Virginia Academy of Clinical Psychologists v. Blue Shield of Virginia
624 F.2d 476
Brief Filed: 7/79
Court: United States Court of Appeals for the Fourth Circuit
Year of Decision: 1980
Read the full-text amicus brief (PDF, 767KB)
Whether a health insurance company's refusal to provide direct payments to clinical psychologists for outpatient psychological services rendered to the company's subscribers unless those services were ordered, supervised and billed by a physician violated the Sherman Act and Virginia's "freedom of choice" legislation
Antitrust; Psychologists' Scope of Practice/Reimbursement for "Mental Health" Services
An antitrust action was brought by Virginia Academy of Clinical Psychologists against Blue Shield claiming that its refusal to provide direct payments to clinical psychologists for outpatient services rendered to Blue Shield subscribers — unless those services were ordered, supervised and billed by a physician — violated Section 1 of the Sherman Act and was contradictory to "freedom of choice" legislation recently passed by the Virginia legislature affording consumers the opportunity to choose among qualified health care providers. The district court held that, regardless of the freedom of choice statute, the refusal of Blue Shield to reimburse psychologists for services except as a result of physician referral and supervision was not a boycott and any other rights that Virginia psychologists might have under the Sherman Antitrust Act were not legally enforceable under the McCarran-Ferguson exemptions to the Sherman Act. VACP appealed to the U.S. Court of Appeals for the Fourth Circuit.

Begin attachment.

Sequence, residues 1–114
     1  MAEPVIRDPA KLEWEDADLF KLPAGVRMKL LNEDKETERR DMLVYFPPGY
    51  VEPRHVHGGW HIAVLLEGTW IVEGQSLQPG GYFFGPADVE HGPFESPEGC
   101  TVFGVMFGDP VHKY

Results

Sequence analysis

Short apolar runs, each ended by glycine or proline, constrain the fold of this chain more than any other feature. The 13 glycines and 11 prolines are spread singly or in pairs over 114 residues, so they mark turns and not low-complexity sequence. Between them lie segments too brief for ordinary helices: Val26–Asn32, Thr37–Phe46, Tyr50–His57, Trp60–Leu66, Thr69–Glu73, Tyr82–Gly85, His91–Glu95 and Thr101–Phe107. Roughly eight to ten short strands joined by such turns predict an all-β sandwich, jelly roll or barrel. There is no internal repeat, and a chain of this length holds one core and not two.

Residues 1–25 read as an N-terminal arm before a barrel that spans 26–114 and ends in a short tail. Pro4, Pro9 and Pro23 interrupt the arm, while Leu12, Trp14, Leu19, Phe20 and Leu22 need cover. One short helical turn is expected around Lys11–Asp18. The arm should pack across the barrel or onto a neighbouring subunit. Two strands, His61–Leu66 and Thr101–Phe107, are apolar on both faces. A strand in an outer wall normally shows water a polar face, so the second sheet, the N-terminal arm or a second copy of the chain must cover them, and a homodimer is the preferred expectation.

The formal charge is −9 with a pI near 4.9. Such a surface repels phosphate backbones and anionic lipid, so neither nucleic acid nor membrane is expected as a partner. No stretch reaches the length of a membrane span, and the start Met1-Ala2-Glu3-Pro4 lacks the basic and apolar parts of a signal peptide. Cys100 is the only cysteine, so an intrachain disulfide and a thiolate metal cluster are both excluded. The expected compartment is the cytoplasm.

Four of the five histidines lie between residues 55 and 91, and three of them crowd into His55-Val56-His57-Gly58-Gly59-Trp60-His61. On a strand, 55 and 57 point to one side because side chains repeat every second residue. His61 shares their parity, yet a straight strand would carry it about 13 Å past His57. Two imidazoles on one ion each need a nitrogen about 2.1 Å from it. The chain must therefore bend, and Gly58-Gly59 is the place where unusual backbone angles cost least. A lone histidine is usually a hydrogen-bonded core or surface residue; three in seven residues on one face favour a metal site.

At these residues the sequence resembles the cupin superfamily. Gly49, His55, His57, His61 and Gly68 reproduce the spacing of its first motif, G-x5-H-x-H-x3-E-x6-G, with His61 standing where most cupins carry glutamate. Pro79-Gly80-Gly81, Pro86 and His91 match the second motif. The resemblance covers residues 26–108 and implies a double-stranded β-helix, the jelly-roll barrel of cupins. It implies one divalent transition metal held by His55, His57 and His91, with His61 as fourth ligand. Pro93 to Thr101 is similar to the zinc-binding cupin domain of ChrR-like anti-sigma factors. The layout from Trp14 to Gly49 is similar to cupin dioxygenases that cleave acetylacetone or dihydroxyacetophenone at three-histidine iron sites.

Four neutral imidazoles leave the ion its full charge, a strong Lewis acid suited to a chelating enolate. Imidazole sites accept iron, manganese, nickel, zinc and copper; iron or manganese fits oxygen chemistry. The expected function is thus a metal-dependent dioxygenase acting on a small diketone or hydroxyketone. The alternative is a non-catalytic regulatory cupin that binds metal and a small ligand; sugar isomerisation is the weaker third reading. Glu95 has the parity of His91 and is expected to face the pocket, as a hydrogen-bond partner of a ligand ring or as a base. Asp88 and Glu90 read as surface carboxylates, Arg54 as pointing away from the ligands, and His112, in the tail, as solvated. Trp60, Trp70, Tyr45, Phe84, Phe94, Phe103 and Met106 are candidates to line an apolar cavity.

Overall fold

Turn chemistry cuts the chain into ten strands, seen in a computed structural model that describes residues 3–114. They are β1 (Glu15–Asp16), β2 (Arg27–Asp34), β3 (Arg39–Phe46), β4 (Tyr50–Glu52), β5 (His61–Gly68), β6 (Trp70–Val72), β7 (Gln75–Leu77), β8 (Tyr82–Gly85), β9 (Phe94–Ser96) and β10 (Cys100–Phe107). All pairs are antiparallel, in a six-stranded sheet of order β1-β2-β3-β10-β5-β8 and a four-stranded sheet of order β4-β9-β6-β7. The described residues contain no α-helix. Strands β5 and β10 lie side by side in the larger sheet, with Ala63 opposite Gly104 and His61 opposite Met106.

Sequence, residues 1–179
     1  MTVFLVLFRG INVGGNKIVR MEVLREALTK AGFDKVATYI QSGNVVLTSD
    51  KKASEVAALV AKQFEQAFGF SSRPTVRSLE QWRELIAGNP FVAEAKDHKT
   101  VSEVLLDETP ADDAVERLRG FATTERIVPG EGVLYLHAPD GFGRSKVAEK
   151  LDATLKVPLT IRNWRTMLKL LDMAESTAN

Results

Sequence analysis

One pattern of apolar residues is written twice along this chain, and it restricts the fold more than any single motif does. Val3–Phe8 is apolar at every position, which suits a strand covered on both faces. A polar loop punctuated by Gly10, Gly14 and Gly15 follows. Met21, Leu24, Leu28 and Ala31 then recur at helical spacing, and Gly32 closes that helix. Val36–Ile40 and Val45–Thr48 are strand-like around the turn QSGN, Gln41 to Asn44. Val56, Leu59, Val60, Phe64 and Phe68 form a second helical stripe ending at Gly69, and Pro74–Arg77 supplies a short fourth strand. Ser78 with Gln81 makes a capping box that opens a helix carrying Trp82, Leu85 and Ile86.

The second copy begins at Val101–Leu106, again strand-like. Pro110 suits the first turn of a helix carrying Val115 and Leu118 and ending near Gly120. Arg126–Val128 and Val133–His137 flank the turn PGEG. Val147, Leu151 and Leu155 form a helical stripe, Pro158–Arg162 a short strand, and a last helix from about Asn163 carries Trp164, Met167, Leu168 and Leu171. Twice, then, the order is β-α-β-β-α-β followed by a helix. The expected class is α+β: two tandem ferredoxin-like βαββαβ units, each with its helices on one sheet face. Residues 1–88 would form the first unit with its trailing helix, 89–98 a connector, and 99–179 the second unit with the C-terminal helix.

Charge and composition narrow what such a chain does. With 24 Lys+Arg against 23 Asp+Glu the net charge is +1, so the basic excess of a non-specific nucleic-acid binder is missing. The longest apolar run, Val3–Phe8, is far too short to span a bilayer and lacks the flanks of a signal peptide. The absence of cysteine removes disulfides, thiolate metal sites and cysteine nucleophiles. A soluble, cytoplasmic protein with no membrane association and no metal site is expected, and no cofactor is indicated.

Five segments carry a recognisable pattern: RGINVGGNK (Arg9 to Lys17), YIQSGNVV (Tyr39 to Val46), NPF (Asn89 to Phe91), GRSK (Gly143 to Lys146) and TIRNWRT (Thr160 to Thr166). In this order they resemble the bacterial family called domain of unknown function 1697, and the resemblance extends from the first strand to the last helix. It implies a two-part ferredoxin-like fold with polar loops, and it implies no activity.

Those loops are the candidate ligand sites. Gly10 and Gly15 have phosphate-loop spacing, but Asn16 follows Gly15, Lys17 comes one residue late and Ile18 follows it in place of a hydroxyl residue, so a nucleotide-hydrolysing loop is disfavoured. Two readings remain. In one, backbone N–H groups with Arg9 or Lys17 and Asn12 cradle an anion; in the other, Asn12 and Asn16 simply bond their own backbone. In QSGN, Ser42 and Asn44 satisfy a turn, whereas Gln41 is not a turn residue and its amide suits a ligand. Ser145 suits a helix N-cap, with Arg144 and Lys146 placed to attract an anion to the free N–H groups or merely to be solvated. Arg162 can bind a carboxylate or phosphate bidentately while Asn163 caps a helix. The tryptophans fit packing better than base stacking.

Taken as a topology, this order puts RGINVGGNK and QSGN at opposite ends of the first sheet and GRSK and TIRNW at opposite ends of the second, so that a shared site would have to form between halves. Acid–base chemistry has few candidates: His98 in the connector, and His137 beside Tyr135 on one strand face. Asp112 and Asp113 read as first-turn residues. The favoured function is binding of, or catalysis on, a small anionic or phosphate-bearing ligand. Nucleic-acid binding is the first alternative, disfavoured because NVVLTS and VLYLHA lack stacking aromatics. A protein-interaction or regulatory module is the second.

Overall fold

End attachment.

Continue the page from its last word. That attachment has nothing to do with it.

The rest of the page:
APA's amicus brief argued that: (1) by refusing to reimburse clinical psychologists for outpatient psychological services rendered to Blue Shield subscribers unless their services were ordered, supervised by and billed through a physician, the defendants had engaged in a group boycott against psychologists — a per se violation of Section 1 of the Sherman Act; (2) because the defendant's collective refusal diminished price competition between psychiatrists and psychologists, it was facially illegal; (3) the district court finding of non-competition was erroneous and invalid as a matter of law under a "rule of reason" analysis since psychiatrists and psychologists are in competition as providers of psychotherapy services to similar patient populations; (4) as a result of defendant's policy, effective competition for psychiatrists from licensed non-physician health care providers had been delayed and obstructed in Virginia; and (5) if allowed to stand, the district court's decision would have serious adverse implications for effective delivery of mental health care services not only in Virginia, but in the nation as a whole.
The Fourth Circuit overturned the lower court's decision, citing "uncontradicted evidence" of an antitrust violation by defendants, under Section 1 of the Sherman Act's "rule of reason" analysis. It held that psychiatrists and psychologists do compete as a matter of law and that Blue Shield's refusal to directly reimburse psychologists for psychotherapy provided to policy holders was not protected from scrutiny as the "business of insurance" and thus, constituted a restraint of trade. Additionally, the court emphasized the benefits of "open competition" on the quality and expense of mental health services. Blue Shield's petition for writ of certiorari to the U.S. Supreme Court was denied.